The embattled, controversial, and less-than-effective Oakland Police Department made headlines again yesterday when Chief of Police Howard Jordan abruptly announced his retirement. The official word was that he is on medical leave, and will be seeking retirement for "medical reasons," but the timing suggests otherwise. The timing of the announcement was also a surprise to Mayor Jean Quan, who was expecting to be attending a press conference yesterday with Jordan and consultant Bill Bratton to announce a new crime reduction plan.
Bratton, a former police commissioner in New York and L.A., was hired in December to help craft a crime reduction strategy following a year of uptick in Oakland's homicide and violent crime count.
It's unclear what exactly may have prompted Jordan's abrupt departure, but the best guess probably isn't medical. As Oakland North reports, just last week, the OPD's compliance director, Thomas Frazier, released a damning report criticizing the department's command structure and their handling of police misconduct investigations. Also last week there was a damning piece in the Tribune comparing the number of fatal shootings at the hands of Oakland officers to those in other crime-ridden cities.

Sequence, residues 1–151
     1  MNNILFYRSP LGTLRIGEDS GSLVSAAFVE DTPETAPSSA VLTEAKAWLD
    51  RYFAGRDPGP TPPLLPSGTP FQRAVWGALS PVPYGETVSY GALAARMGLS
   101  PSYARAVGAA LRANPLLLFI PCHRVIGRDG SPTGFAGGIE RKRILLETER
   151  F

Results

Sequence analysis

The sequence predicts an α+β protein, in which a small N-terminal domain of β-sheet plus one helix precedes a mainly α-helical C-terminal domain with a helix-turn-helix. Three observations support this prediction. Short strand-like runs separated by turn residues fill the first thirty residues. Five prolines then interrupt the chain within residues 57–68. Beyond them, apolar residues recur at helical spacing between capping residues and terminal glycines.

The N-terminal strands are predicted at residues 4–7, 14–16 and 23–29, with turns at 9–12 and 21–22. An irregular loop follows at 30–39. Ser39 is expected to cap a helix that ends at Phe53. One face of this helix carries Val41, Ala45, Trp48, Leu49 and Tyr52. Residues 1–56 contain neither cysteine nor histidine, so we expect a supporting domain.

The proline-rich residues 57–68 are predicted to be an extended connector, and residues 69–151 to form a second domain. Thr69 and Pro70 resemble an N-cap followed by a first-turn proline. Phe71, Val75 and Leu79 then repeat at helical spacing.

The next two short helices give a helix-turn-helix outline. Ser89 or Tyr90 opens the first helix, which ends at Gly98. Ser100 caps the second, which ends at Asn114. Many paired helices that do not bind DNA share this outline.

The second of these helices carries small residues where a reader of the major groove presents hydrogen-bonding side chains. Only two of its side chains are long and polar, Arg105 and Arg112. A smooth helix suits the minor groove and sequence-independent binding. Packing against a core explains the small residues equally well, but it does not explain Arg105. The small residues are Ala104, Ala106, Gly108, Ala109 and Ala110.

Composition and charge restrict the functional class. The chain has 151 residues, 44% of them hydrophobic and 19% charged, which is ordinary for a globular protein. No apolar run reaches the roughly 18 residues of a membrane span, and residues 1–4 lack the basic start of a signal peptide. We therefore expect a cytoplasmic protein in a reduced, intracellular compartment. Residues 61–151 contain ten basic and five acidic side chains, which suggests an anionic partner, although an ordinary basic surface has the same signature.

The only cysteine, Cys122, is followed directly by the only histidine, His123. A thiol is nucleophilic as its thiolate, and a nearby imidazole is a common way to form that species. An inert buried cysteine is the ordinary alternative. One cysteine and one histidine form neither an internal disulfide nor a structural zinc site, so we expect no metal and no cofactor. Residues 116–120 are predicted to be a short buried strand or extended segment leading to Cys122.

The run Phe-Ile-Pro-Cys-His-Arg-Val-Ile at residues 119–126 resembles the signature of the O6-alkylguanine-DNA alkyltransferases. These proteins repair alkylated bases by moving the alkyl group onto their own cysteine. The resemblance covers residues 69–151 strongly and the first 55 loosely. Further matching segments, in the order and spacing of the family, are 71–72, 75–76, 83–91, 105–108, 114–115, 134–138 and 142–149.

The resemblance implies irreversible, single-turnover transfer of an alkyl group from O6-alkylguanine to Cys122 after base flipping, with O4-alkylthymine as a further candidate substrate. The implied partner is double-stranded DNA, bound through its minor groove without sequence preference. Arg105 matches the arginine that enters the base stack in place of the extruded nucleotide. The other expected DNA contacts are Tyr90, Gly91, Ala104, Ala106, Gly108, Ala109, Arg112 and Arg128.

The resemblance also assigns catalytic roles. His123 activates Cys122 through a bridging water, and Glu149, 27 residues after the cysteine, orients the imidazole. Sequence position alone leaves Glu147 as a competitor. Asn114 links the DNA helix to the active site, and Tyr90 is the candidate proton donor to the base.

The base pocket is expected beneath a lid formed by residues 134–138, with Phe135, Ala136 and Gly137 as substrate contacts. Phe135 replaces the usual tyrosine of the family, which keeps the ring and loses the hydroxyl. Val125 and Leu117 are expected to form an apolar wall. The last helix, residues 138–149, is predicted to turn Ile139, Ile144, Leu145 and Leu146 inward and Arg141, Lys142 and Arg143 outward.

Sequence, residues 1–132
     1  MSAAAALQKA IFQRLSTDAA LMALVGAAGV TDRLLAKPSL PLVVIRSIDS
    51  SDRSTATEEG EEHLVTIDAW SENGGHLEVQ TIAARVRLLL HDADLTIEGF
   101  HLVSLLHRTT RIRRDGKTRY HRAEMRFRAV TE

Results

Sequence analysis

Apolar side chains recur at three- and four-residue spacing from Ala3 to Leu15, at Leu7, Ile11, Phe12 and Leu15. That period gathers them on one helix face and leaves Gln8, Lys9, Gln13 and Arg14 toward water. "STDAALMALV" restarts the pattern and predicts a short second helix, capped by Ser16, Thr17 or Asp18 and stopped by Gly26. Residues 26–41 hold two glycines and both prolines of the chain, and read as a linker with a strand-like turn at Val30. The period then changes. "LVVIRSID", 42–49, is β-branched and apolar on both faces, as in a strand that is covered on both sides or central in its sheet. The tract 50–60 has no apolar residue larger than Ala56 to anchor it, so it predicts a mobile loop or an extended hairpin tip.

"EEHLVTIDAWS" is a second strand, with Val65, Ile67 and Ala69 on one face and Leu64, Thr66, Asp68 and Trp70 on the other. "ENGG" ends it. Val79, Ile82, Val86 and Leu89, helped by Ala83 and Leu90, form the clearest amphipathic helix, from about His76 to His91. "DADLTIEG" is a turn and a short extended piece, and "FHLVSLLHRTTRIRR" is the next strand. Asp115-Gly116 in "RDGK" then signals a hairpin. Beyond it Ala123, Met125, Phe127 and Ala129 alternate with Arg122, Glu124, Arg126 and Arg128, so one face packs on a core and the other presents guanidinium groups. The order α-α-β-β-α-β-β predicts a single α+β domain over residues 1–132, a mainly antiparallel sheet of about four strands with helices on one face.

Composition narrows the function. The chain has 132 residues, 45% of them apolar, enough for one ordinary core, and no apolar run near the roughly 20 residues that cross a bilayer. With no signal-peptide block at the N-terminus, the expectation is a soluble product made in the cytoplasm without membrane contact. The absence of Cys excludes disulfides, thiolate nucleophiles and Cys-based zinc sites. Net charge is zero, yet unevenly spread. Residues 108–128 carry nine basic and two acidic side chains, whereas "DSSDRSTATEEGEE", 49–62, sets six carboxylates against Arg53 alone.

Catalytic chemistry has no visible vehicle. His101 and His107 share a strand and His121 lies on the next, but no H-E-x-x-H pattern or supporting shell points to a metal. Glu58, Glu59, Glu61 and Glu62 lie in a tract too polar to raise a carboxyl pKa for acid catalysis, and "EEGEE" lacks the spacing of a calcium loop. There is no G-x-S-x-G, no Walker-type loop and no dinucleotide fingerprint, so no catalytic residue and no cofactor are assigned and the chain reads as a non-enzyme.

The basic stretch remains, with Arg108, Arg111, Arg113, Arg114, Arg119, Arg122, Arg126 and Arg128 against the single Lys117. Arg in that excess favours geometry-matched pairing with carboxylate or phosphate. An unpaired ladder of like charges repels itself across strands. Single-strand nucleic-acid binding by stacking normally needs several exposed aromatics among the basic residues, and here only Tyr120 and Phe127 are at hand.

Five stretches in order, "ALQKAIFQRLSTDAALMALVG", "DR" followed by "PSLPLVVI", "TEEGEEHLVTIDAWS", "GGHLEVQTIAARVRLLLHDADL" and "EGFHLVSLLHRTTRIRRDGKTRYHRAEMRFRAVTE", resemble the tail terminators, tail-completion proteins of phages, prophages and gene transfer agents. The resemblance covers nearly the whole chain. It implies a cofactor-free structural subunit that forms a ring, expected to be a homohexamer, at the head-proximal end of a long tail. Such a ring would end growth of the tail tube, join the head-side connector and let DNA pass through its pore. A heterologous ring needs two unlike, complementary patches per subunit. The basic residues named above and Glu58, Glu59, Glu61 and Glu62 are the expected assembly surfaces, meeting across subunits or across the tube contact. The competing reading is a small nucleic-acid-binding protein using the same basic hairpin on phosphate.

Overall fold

Jordan has presided over a department routinely criticized by the public for incidents like their street battles with Occupy protesters, violating the rights of members of the media and others, and bragging about the arrests of "most wanted" criminals who turn out not to be criminals at all.
Quan says she thinks the city will have hiring authority for a new police chief, however because the department has a court-appointed federal monitor stemming back to misconduct case of the "Riders" a decade ago that monitor may want to have a say in the new hire. In the meantime, Assistant Chief Anthony Toribio will serve as Acting Chief.
Sounding eager to get on with a fresh start and new hire, City Councilmember Desley Brooks said, "Godspeed with whatever medical issue he has.”